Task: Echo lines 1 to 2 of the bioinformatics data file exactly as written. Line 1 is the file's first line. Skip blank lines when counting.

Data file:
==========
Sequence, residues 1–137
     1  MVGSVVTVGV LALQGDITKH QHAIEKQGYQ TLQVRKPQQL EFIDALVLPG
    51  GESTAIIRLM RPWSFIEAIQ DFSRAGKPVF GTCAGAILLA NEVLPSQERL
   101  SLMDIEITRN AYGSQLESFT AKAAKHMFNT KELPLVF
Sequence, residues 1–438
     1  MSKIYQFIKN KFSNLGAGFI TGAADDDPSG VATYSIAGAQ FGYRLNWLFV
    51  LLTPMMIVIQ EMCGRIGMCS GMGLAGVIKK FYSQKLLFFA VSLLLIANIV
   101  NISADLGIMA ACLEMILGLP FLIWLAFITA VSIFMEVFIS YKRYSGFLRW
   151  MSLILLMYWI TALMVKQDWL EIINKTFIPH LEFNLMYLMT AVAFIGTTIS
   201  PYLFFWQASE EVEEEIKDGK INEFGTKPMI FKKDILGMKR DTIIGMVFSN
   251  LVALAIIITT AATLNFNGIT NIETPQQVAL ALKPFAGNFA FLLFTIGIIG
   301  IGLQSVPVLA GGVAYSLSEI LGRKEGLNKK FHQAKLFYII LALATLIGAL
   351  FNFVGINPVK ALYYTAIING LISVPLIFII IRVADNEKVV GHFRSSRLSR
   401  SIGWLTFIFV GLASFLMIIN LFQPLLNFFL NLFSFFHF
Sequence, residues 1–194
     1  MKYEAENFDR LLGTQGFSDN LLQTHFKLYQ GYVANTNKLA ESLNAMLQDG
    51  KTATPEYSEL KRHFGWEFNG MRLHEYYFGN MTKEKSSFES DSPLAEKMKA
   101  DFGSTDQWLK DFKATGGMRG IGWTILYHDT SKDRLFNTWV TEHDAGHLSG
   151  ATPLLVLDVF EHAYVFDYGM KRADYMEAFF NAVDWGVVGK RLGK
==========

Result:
Sequence, residues 1–137
     1  MVGSVVTVGV LALQGDITKH QHAIEKQGYQ TLQVRKPQQL EFIDALVLPG